Among the funds he co-manages is the MainStay Epoch Global Equity Yield Fund which has beaten its market benchmark and Morningstar World Stock category since its 2005 inception with less risk.
MainStay is a sponsor of WEALTHTRACK but he is here based on his performance and approach. Priest is the author of several books on investing including Free Cash Flow and Shareholder Yield: New Priorities for the Global Investor which details Epoch’s investment discipline. His latest book, co-authored with two Epoch partners is Winning at Active Management: The Essential Roles of Culture, Philosophy and Technology.
I began the interview by asking Priest why he calls technology the new macro.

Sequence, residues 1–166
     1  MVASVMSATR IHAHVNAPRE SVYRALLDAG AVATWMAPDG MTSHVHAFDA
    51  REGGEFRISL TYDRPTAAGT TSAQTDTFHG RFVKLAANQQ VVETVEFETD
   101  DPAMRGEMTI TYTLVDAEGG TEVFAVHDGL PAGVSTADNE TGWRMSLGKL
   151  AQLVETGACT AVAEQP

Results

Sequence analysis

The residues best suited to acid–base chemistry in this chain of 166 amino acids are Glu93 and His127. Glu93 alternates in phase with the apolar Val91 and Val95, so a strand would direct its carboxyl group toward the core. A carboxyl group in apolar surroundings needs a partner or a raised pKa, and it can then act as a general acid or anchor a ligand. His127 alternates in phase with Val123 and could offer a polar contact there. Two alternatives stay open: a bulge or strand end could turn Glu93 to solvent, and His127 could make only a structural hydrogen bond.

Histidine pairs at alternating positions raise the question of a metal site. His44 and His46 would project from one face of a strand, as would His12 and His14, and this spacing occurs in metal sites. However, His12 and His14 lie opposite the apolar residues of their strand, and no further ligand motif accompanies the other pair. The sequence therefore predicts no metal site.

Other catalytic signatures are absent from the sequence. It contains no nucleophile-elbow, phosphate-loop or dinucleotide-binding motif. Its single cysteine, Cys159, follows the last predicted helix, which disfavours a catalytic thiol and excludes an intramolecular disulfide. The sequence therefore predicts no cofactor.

BILL PRIEST: If one looks at technology one needs to kind of understand why now, why is someone calling it the new macro today? And it all starts with Moore’s Law. Gordon Moore was the founder of Intel and he came up with this idea that he thought the power of the computer chip per dollar would double about every 18 to 24 months. Well, he said that in the mid-‘60s so we’ve had 30 some years where this doubling has gone on. And when you’re doubling something at that rate at some point it reaches critical mass and explodes. Now, the best example that I can give you is a myth and it was mentioned by Ray Kurzweil, who was a futurist. And he tells a story about an emperor in India who asked his subjects for a new game. And one subject came up with the idea of chess. And he was so excited about it, he said, “This is the greatest game I’ve ever seen. How do I reward you, the inventor?” The gentleman said, “Well, why don’t we just use the chessboard to count. I really just want some rice to feed my family. So we’ll put one grain of rice on square one, two on two, four on three, doubling of every square.” Well, after 32 squares of this 64 squared chessboard you have about four billion grains of rice, and as you keep doubling it turns out you have a sum that’s equal to really all the rice that was ever produced in the world at that time. Now, what the point of that story is, and is brought forth in Brynjolfsson and McAfee’s book, The Second Machine Age, is to demonstrate the fact that technology is about to enter the back half of the chessboard. What we’ve seen is one thing, what we’re about to see is something else and it’s growing at an exponential rate.